The study was designed to evaluate serum levels of tumor necrosis factor- (TNF- and tumor necrosis factor-related apoptosis-inducing ligand (TRAIL) in nasopharyngeal carcinoma (NPC) patients. It was carried on 32 patients with NPC and 20 controls; all study participants gave blood samples for estimation of serum levels of TNF- and TRAIL by ELISA technique, and for separation of Buffy coat rich in leucocytes for electron microscopic (EM) examination. Tissue biopsies were studied and graded pathologically and another part was examined by PCR technique for the presence of Epstein-Barr virus (EBV) DNA.
Clinically, according to TNM classification, (T: tumor size, N: lymph node involvement; M: distant metastasis) 9 cases were diagnosed as stage II, 12 as stage III and 11 cases as stage IV; however pathological typing according to World Health Organization (WHO) revealed the presence of 10 specimens of squameous cell carcinoma (WHO type 1), 6 non-keratinizing carcinoma (WHO type 2) and 16 specimens as undifferentiated carcinoma (WHO type 3). EBV could be detected in 16 of NPC specimens (viral specimens), 2 specimens of WHO type 1, 3 specimens of WHO type 2 and 11 specimens of WHO type 3. There was a positive significant correlation between the presence of viral infection and the severity and aggressiveness of cancer, (r=0.4, P<0.05).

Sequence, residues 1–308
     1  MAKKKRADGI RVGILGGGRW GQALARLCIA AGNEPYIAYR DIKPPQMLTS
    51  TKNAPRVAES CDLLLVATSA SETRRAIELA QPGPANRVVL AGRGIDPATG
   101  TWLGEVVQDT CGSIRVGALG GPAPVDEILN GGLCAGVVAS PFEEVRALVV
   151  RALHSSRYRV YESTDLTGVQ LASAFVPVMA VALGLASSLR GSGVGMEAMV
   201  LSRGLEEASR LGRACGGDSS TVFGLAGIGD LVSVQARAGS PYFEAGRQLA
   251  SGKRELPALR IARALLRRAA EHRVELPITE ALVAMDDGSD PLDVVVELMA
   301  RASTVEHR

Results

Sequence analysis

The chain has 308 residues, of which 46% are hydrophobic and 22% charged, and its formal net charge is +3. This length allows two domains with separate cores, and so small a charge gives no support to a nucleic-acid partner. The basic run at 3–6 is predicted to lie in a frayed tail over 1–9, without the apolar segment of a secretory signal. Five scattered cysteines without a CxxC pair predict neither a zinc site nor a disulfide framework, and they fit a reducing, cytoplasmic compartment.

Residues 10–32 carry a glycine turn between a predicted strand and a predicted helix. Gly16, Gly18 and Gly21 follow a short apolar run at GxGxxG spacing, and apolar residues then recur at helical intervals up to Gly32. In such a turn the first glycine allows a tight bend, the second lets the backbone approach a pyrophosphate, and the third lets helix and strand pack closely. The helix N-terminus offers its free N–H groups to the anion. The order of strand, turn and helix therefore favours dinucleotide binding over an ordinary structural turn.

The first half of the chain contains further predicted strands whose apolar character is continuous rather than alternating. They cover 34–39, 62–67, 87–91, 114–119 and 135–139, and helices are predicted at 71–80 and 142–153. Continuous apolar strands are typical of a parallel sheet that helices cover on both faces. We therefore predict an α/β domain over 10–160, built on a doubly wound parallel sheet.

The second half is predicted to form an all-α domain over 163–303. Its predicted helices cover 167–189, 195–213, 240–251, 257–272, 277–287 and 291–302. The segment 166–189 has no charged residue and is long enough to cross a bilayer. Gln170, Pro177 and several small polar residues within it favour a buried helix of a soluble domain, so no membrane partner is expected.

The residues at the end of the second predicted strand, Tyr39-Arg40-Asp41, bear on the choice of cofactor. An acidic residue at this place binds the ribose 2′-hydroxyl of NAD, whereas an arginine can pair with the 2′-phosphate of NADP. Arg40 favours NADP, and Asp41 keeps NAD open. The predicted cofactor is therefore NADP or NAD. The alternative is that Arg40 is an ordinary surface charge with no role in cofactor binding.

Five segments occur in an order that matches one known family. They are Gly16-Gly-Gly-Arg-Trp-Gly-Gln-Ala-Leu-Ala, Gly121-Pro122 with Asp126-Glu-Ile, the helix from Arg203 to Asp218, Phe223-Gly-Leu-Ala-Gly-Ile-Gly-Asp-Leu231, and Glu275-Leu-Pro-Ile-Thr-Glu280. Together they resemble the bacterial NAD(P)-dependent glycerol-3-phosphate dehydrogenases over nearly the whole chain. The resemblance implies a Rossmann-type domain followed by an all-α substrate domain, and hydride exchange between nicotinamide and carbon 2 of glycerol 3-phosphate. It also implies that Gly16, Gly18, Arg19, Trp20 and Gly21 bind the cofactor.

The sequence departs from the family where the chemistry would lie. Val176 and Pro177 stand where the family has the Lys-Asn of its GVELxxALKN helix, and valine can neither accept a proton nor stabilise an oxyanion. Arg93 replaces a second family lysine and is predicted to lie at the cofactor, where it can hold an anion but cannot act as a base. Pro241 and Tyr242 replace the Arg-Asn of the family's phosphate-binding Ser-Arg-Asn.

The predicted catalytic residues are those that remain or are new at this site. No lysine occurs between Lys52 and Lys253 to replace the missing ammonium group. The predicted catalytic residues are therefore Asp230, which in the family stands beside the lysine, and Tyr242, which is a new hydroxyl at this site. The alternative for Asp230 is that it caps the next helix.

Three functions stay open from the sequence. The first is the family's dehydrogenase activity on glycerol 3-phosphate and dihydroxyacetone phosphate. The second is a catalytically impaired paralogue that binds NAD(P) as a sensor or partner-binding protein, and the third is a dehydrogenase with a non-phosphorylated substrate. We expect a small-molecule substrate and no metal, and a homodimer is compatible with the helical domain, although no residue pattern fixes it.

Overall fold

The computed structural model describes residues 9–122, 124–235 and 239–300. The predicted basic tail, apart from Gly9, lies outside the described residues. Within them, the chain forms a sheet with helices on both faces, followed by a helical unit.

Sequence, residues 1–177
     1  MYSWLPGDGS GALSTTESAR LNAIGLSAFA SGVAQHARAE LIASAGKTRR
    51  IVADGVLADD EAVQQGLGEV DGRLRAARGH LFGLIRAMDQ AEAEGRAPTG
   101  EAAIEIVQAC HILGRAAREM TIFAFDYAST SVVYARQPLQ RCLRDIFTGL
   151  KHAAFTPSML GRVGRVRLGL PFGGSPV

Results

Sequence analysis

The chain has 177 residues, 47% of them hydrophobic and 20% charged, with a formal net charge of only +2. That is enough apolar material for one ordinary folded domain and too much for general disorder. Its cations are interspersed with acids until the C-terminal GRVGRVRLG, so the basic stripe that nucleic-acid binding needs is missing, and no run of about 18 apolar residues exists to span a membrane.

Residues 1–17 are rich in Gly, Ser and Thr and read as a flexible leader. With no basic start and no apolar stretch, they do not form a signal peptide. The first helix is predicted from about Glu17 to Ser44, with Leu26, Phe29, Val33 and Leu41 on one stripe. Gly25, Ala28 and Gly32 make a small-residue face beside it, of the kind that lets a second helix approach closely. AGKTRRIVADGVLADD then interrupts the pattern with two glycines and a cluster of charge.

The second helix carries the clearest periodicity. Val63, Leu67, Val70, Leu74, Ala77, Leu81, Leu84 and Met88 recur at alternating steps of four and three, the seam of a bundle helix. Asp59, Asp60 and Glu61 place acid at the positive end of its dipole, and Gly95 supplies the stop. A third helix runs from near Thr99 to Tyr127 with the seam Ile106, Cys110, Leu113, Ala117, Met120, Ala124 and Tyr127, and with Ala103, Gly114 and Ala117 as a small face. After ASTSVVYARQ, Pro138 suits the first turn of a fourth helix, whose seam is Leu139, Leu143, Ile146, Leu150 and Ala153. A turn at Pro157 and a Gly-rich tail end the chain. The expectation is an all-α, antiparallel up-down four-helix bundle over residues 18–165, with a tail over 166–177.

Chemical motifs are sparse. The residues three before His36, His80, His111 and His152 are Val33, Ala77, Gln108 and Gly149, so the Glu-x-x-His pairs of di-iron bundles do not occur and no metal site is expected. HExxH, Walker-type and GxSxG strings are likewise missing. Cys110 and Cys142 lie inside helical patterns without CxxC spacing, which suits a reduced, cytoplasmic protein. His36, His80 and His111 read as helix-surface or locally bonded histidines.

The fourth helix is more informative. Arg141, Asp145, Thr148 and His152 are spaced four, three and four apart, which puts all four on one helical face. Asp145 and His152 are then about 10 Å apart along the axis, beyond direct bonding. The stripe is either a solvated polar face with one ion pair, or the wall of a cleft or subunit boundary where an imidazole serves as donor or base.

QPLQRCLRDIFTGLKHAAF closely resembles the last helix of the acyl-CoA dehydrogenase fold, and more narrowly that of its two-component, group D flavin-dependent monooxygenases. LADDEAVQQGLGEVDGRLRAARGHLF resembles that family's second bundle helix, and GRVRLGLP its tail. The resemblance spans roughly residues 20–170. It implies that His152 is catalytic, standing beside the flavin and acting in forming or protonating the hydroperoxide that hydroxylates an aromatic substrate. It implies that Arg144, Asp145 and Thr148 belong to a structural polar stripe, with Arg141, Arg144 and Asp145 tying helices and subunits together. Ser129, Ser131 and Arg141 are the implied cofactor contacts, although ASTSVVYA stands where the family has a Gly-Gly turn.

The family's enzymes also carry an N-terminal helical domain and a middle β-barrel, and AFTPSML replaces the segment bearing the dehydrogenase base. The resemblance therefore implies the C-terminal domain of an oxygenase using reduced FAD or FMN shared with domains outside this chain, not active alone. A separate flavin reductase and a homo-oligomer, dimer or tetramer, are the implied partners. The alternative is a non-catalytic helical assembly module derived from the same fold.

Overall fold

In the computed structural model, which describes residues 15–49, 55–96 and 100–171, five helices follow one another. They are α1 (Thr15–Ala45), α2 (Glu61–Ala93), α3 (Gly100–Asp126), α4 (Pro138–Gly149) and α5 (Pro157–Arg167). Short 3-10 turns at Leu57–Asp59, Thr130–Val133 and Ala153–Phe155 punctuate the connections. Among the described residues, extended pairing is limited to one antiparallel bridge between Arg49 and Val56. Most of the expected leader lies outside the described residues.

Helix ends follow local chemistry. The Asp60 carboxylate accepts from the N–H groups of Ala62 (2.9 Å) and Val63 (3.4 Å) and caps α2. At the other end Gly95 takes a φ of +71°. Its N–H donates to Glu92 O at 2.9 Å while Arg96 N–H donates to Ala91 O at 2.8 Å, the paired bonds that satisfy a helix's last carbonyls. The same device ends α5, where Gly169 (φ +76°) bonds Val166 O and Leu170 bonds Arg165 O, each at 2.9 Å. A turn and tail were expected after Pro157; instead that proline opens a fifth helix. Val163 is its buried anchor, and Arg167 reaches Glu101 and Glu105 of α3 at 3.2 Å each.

There was a significant (P<0.05) increase in total serum levels of TNF- and TRAIL in NPC cases compared to control levels, and in viral cases compared to non-viral cases of NPC. Determination of TRAIL serum levels showed a high sensitivity (84.4%), and specificity (92.2%), and could properly aid in staging cases of NPC with an accuracy rate of (89.6 %). Also, there was a positive significant correlation between serum levels of TRAIL and pathological staging (r=0.774, P<0.001) and clinical staging (r=0.353, P<0.05). Using Logistic regression analysis, serum TRAIL level was found to be the most significant, (=0.774, P<0.05), predictor of pathological staging of NPC. EM examination revealed remarkable apoptotic changes in lymphocytes and neutrophils in 75% of samples but they evident in virally infected cases.
We can conclude that, estimation of serum level of TRAIL can be used as a diagnostic non-invasive modality for proper staging of nasopharyngeal carcinoma as an aid for proper surgical decision making and to avoid unnecessary staging biopsy; moreover, it can be used to differentiate viral cases from non-viral ones without the need for more complicated investigations.